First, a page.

A medical lab, LabMD, exposed the personal information of about 10,000 consumers by failing to take adequate security measures, the Federal Trade Commission charges.
The complaint alleges that LabMD billing information for over 9,000 consumers was found on a peer-to-peer (P2P) file-sharing network and then, in 2012, LabMD documents containing sensitive personal information of at least 500 consumers were found in the hands of identity thieves.
In a statement, LabMD did not deny the allegations but challenged the FTC's authority to bring the action.
“The Federal Trade Commission’s enforcement action against LabMD based, in part, on the alleged actions of Internet trolls, is yet another example of the FTC’s pattern of abusing its authority to engage in an ongoing witch hunt against private businesses," the statement said. "LabMD looks forward to vigorously fighting against the FTC’s overreach by seeking recourse through the available legal processes.”
The complaint alleges that a LabMD spreadsheet containing insurance billing information was found on a P2P network. The spreadsheet contained sensitive personal information for more than 9,000 consumers, including names, Social Security numbers, dates of birth, health insurance provider information, and standardized medical treatment codes.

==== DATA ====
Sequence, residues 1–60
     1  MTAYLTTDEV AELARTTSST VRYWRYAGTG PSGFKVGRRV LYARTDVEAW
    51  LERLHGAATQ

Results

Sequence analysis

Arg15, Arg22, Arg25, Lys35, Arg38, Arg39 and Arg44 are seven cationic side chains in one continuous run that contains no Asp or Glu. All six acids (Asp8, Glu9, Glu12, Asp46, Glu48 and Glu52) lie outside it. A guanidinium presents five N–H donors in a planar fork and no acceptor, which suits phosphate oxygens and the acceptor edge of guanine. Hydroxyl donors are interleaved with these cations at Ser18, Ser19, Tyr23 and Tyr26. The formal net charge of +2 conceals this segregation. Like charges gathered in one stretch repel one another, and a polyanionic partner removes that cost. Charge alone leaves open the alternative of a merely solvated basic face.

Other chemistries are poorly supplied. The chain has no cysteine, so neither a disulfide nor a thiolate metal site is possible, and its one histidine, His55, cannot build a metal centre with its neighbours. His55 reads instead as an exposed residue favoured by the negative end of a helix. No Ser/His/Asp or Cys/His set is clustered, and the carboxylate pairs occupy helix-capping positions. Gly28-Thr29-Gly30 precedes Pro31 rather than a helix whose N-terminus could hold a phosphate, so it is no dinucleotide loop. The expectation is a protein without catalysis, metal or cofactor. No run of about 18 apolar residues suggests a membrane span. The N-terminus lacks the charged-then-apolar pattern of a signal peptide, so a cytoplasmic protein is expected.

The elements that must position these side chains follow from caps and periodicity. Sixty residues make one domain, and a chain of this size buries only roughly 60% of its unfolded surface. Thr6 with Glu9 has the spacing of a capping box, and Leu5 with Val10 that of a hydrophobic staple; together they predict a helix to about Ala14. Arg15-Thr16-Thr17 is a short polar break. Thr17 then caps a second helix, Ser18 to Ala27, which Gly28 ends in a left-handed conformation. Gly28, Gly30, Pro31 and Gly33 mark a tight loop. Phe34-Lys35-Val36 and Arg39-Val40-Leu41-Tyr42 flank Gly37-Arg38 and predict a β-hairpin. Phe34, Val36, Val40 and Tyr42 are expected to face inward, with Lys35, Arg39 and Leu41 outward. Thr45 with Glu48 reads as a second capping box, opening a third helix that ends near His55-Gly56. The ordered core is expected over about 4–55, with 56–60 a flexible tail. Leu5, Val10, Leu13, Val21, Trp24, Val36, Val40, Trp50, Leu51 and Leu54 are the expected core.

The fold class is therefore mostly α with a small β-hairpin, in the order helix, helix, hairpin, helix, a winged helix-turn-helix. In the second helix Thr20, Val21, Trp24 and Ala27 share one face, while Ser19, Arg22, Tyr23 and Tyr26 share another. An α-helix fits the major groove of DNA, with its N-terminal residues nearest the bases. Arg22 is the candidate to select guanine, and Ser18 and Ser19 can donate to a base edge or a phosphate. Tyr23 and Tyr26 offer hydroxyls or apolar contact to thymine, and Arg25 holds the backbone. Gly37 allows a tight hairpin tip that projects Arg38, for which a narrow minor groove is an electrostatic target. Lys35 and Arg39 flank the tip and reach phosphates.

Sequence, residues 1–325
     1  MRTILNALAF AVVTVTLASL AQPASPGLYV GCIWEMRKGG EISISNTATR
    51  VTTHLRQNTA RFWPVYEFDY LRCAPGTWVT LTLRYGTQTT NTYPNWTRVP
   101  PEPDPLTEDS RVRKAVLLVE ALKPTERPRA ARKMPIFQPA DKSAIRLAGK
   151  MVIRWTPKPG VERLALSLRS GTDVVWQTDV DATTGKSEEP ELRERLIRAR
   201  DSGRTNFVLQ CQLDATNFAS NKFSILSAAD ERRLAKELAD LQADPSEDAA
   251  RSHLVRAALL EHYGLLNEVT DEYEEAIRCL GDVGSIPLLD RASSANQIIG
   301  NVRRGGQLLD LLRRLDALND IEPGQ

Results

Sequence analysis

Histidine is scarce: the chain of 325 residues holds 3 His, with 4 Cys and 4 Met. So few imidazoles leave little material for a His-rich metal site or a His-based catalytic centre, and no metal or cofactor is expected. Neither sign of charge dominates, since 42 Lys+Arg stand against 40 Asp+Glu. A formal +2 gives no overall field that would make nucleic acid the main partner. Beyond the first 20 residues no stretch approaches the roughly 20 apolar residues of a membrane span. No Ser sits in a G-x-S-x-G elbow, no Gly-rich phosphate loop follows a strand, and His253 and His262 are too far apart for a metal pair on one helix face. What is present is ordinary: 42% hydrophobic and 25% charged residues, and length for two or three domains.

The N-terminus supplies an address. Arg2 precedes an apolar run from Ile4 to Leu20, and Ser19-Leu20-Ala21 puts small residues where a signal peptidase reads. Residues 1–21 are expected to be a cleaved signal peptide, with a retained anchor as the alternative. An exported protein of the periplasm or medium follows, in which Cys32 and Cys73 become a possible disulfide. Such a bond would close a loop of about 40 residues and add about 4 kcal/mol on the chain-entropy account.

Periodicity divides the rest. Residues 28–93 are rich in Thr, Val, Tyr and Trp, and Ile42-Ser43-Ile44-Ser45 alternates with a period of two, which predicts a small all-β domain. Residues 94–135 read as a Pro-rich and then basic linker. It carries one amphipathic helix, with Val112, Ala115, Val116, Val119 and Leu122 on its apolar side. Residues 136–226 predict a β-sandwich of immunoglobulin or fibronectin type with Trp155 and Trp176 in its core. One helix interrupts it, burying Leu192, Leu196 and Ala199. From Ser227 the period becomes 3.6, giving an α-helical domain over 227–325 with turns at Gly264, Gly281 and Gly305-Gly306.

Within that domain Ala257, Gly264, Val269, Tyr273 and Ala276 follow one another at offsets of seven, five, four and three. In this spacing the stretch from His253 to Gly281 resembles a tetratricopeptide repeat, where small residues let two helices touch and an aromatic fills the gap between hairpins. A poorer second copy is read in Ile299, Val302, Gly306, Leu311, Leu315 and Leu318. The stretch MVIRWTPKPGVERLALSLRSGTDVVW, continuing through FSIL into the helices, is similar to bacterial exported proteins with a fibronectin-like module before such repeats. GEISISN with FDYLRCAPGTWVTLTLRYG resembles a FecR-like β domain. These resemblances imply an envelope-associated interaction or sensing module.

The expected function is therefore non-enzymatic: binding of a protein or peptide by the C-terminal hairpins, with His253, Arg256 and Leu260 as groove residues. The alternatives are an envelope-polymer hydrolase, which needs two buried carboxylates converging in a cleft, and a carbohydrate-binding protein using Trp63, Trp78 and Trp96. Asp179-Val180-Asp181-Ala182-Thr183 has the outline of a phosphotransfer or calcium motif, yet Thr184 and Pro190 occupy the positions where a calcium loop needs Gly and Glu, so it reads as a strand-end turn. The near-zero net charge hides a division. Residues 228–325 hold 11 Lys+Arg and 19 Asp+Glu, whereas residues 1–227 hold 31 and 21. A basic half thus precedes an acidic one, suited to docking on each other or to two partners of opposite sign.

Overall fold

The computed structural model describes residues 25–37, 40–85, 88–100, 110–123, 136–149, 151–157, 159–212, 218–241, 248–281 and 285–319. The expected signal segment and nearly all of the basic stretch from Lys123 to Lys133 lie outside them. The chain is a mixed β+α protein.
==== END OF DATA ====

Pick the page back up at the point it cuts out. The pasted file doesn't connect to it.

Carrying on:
Misuse of such information can lead to identity theft and medical identity theft, and can also harm consumers by revealing private medical information.
Once a file has been made available on a P2P network and downloaded by another user, it can be shared by that user across the network even if the original source of the file is no longer connected.
The complaint also alleges that in 2012 the Sacramento, California Police Department found LabMD documents in the possession of identity thieves. These documents contained personal information, including names, Social Security numbers, and in some instances, bank account information, of at least 500 consumers.
The complaint alleges that a number of these Social Security numbers are being or have been used by more than one person with different names, which may be an indicator of identity theft.
“The unauthorized exposure of consumers’ personal data puts them at risk,” said Jessica Rich, Director of the FTC’s Bureau of Consumer Protection. “The FTC is committed to ensuring that firms who collect that data use reasonable and appropriate security measures to prevent it from falling into the hands of identity thieves and other unauthorized users.”
The FTC said the case is part of an ongoing effort to crack down on companies that fail to protect consumers’ personal data.
LabMD conducts laboratory tests on samples that physicians obtain from consumers and then provide to the company for testing. The company, which is based in Atlanta, performs medical testing for consumers around the country.